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ISRN Mathematical Physics
Volume 2013 (2013), Article ID 748613, 24 pages
http://dx.doi.org/10.1155/2013/748613
Research Article

Air-Aided Shear on a Thin Film Subjected to a Transverse Magnetic Field of Constant Strength: Stability and Dynamics

Department of Mathematics and Statistics, University of Constance, 78457 Constance, Germany

Received 28 June 2013; Accepted 22 August 2013

Academic Editors: L. E. Oxman and W.-H. Steeb

Copyright © 2013 Mohammed Rizwan Sadiq Iqbal. This is an open access article distributed under the Creative Commons Attribution License, which permits unrestricted use, distribution, and reproduction in any medium, provided the original work is properly cited.

Abstract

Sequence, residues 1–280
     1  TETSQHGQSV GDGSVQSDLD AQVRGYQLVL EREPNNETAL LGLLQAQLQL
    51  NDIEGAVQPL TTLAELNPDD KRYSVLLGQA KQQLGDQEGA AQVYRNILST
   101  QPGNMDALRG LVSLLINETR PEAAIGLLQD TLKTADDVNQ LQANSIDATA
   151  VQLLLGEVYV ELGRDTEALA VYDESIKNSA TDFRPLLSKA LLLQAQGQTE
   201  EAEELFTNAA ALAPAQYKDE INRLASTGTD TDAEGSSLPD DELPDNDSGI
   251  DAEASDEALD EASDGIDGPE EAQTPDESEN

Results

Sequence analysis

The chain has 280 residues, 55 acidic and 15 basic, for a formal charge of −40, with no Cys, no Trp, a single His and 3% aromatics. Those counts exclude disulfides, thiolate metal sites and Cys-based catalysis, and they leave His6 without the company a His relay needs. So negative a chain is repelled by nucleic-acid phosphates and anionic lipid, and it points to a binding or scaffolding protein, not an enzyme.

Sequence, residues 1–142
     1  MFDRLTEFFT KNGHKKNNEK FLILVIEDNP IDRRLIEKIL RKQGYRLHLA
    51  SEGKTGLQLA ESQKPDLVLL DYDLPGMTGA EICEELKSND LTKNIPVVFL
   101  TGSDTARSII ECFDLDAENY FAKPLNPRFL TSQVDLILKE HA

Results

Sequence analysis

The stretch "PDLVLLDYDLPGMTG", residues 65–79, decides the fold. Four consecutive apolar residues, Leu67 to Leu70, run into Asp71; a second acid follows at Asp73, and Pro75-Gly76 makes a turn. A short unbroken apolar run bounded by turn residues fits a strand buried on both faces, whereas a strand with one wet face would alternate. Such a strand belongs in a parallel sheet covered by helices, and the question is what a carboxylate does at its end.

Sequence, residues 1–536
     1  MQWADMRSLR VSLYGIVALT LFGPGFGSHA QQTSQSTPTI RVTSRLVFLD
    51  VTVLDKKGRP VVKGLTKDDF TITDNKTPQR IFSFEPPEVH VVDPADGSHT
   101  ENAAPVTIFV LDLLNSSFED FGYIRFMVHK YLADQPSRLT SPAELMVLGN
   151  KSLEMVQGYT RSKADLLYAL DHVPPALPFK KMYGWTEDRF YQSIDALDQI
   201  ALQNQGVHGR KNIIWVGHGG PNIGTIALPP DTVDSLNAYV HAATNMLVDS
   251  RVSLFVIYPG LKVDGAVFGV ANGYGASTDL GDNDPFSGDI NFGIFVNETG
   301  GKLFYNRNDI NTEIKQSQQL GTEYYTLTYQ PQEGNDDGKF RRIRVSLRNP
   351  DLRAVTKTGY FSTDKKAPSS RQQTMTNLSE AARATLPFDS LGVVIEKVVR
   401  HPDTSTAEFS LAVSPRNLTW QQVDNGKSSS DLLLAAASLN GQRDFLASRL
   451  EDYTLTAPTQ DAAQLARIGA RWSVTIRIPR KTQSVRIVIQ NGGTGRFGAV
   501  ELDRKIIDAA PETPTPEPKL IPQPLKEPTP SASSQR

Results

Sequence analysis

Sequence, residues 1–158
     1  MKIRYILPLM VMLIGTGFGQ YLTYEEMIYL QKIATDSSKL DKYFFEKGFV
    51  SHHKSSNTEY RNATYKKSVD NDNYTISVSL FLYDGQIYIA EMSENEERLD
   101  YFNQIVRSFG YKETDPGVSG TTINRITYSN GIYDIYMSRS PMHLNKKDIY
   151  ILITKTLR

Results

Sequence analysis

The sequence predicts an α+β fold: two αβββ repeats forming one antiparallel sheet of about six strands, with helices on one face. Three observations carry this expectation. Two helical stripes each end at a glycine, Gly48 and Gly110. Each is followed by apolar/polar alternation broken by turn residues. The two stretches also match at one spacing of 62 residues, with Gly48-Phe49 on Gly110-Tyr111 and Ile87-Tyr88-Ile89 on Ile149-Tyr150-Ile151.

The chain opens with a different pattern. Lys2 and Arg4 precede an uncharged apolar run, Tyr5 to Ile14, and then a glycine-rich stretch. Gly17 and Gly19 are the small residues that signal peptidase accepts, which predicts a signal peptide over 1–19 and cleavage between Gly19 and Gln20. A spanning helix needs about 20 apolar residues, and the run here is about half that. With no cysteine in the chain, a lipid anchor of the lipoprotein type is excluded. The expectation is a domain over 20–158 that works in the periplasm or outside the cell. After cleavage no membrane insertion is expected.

The effect of air shear on the hydromagnetic instability is studied through (i) linear stability, (ii) weakly nonlinear theory, (iii) sideband stability of the filtered wave, and (iv) numerical integration of the nonlinear equation. Additionally, a discussion on the equilibria of a truncated bimodal dynamical system is performed. While the linear and weakly nonlinear analyses demonstrate the stabilizing (destabilizing) tendency of the uphill (downhill) shear, the numerics confirm the stability predictions. They show that (a) the downhill shear destabilizes the flow, (b) the time taken for the amplitudes corresponding to the uphill shear to be dominated by the one corresponding to the zero shear increases with magnetic fields strength, and (c) among the uphill shear-induced flows, it takes a long time for the wave amplitude corresponding to small shear values to become smaller than the one corresponding to large shear values when the magnetic field intensity increases. Simulations show that the streamwise and transverse velocities increase when the downhill shear acts in favor of inertial force to destabilize the flow mechanism. However, the uphill shear acts oppositely. It supports the hydrostatic pressure and magnetic field in enhancing films stability. Consequently, reduced constant flow rates and uniform velocities are observed.